Or is it just a piece of trivia, in which case, bring it on.
4. There was nothing Berkman liked better than Texas.
(Aside: I understand that he’s not dead, just roll with it.)
Born in Waco, raised in New Braunfels, educated at Rice, Berkman debuted with the Astros, finished with the Rangers, and could never see himself anywhere else after the game.
As most important baseball events do, Berkman’s retirement sent me into something of a Baseball-Reference vortex. I wanted to see where his career with the Astros ranked among hitters from the same state as the team. Turns out he was not even in the top 10 by WAR, which went like this, with Berkman 11th at 48.2 with the Astros:
5. The beginning of Berkman’s 2008 season was the best I’ve ever seen a position player play (non-Bonds division), and I watched pretty much every home game from Ryan Howard’s 58-149 MVP year.
In May, he had a stretch of 28 times on base in 35 plate appearances but cooled off to hit .471/.553/.856 that month. Almost as impressive was his April, in which he compiled a 1.030 OPS while anchored to a .272 BABIP. He would finish the first 81 games at .366/.447/.697 in his last run as a really dominant player until his ride to the World Series with the 2011 Cardinals.
6. A minus-15-run fielder for his career, Berkman sure inspired a lot of confidence. When the Astros needed to find ways to get him to play with Jeff Bagwell cemented at first and Daryle Ward and Richard Hidalgo in the corners, Berkman tried his hand in center field. He was bad at it: a -9.3 FRAA defender in 2002, playing mostly center, just like he was bad in the whole outfield, with huge negatives coming there and only somewhat offset by his pretty good first base performance.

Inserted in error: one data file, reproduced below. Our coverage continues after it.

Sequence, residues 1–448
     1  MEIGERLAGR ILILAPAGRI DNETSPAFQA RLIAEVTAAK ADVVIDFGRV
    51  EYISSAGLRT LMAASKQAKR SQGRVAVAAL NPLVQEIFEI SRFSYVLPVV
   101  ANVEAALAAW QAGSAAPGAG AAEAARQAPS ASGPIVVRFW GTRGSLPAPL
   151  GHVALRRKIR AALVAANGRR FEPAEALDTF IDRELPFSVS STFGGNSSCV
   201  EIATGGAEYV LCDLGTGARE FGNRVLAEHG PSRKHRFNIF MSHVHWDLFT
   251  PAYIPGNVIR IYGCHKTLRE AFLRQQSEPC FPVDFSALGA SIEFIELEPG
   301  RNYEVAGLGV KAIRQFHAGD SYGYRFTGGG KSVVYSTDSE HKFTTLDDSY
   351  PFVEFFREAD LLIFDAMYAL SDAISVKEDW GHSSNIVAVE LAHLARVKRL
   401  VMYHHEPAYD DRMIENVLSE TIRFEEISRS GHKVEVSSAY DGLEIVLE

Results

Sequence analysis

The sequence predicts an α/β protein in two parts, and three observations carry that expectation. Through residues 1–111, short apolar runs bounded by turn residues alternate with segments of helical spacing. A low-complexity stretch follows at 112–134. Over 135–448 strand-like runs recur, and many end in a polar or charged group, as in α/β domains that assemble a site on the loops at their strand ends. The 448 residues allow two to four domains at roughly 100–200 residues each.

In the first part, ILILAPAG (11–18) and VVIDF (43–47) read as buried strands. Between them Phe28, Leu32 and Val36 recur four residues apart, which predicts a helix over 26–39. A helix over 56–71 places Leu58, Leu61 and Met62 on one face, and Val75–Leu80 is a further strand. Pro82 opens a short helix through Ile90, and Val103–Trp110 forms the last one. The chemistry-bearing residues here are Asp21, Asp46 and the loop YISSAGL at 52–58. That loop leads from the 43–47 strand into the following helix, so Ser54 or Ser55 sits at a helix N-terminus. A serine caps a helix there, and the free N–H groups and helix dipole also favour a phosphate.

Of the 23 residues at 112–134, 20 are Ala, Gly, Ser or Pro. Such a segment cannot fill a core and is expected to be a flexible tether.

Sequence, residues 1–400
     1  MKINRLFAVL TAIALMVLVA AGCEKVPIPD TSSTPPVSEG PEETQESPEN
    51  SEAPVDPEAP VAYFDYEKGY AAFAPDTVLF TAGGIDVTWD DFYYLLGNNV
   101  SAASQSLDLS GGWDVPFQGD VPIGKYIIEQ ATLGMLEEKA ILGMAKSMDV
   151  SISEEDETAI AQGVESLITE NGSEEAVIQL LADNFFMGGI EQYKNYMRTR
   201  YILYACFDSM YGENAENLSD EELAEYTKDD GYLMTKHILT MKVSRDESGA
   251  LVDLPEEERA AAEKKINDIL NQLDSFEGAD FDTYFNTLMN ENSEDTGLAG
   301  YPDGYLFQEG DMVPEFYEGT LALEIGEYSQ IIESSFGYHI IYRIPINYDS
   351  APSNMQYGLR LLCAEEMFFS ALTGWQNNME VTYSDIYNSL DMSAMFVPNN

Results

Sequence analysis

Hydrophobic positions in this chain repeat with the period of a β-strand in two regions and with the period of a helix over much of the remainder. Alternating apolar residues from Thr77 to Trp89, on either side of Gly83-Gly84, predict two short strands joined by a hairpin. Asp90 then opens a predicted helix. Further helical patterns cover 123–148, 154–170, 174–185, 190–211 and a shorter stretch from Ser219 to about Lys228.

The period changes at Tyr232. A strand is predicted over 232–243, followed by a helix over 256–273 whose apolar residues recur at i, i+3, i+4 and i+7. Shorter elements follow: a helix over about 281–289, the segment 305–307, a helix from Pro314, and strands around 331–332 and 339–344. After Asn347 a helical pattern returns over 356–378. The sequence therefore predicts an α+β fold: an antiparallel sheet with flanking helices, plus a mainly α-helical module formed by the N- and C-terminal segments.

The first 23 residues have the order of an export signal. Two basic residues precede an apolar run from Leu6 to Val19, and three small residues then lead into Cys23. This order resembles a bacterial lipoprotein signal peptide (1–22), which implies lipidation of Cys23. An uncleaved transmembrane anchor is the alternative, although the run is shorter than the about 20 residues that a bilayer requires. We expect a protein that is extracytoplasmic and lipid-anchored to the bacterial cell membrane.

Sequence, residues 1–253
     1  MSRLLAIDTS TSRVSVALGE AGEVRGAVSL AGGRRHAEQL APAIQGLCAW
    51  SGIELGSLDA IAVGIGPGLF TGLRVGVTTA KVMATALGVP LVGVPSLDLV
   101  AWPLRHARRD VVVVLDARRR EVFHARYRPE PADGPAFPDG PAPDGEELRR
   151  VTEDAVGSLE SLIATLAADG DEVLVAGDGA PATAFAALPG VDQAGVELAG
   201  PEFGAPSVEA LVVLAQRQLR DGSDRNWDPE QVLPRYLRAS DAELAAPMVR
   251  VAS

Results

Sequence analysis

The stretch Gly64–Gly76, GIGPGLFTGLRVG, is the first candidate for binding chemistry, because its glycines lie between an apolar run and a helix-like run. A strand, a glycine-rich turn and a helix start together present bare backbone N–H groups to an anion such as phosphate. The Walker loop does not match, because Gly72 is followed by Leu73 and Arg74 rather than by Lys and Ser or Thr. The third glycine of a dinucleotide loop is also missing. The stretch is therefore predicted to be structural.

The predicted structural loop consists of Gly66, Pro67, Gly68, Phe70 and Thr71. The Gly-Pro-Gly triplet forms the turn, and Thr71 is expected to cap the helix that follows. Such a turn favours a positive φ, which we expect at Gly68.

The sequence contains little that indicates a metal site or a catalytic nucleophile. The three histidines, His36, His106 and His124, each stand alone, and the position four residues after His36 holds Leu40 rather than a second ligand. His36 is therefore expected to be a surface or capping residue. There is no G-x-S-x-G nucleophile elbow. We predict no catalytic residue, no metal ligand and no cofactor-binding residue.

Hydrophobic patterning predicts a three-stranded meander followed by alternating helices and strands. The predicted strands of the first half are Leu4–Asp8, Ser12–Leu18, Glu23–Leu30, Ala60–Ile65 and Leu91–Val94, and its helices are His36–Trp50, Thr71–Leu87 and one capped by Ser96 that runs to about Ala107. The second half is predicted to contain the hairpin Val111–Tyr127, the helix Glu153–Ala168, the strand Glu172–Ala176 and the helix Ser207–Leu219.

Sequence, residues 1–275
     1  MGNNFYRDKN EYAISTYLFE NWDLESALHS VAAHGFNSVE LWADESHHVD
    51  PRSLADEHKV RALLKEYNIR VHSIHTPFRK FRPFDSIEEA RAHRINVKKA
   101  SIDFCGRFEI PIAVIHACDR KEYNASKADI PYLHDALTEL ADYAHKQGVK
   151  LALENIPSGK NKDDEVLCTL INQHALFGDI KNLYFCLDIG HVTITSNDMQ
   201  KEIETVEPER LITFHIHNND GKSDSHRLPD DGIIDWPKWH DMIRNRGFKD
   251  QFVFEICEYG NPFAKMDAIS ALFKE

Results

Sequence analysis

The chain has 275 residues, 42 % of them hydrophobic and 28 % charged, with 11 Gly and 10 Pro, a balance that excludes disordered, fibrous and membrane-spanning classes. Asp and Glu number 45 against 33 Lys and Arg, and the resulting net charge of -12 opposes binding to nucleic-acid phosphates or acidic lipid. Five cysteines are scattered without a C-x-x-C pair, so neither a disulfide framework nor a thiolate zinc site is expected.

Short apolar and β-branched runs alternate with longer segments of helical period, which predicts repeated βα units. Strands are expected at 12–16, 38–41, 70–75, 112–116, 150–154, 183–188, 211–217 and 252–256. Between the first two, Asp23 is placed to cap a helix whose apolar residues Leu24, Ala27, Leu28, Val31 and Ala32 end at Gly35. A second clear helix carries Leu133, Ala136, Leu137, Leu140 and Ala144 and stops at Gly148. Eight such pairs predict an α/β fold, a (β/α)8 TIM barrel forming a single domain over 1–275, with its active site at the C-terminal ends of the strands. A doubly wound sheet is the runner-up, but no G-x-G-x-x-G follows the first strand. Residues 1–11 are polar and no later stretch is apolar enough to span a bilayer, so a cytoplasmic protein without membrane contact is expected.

This play in his one majority center field season of 2002 might have made it all worthwhile, though.
Hey, at least he can laugh at himself.
Berkman finished his career one of 11 players in baseball history to play 162 games or more at each of the outfield positions and at first base.
7. Retirements are usually treated with some sadness, especially in the case of a player like Berkman who could have been so much more in his last few years if it hadn’t been for his decaying body. But I and I think a lot of people are actually happy about this one.
"I think I'm actually glad about it," Berkman told Richard Justice of MLB.com. "I'm excited about the next chapter in my life. I'm looking forward to spending more time with my family, and at some point, I'll definitely coach somewhere."
Put simply if not crudely, Berkman can do more for us in retirement than he could have done as a half-ambulatory baseball player. He could walk into pretty much any television booth he wanted right now, but coaching is indeed the likelier route. While an alumnus of Rice, Berkman often talked even during his career of his desire to coach at the University of Texas, whose program has fallen on very hard times as part of a wider athletic slump from the Big 12’s flagship school.
There have been few players whom the baseball world at large has been more excited to see transition into something else.
8. I have no idea if he’ll ever make the Hall of Fame. I’m sure we’ll talk about that once or twice before the vote.